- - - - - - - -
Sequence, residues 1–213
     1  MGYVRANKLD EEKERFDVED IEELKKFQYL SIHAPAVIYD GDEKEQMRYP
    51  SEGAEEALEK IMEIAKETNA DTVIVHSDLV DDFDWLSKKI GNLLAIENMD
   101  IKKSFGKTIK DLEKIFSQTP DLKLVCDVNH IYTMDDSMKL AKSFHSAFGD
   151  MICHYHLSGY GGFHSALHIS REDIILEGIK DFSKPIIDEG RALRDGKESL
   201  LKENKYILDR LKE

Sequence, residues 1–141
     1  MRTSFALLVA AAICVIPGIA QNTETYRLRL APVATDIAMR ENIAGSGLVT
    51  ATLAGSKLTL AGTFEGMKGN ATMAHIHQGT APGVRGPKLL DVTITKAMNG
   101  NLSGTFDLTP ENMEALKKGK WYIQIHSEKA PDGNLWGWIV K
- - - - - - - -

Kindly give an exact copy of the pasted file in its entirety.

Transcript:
Sequence, residues 1–213
     1  MGYVRANKLD EEKERFDVED IEELKKFQYL SIHAPAVIYD GDEKEQMRYP
    51  SEGAEEALEK IMEIAKETNA DTVIVHSDLV DDFDWLSKKI GNLLAIENMD
   101  IKKSFGKTIK DLEKIFSQTP DLKLVCDVNH IYTMDDSMKL AKSFHSAFGD
   151  MICHYHLSGY GGFHSALHIS REDIILEGIK DFSKPIIDEG RALRDGKESL
   201  LKENKYILDR LKE

Sequence, residues 1–141
     1  MRTSFALLVA AAICVIPGIA QNTETYRLRL APVATDIAMR ENIAGSGLVT
    51  ATLAGSKLTL AGTFEGMKGN ATMAHIHQGT APGVRGPKLL DVTITKAMNG
   101  NLSGTFDLTP ENMEALKKGK WYIQIHSEKA PDGNLWGWIV K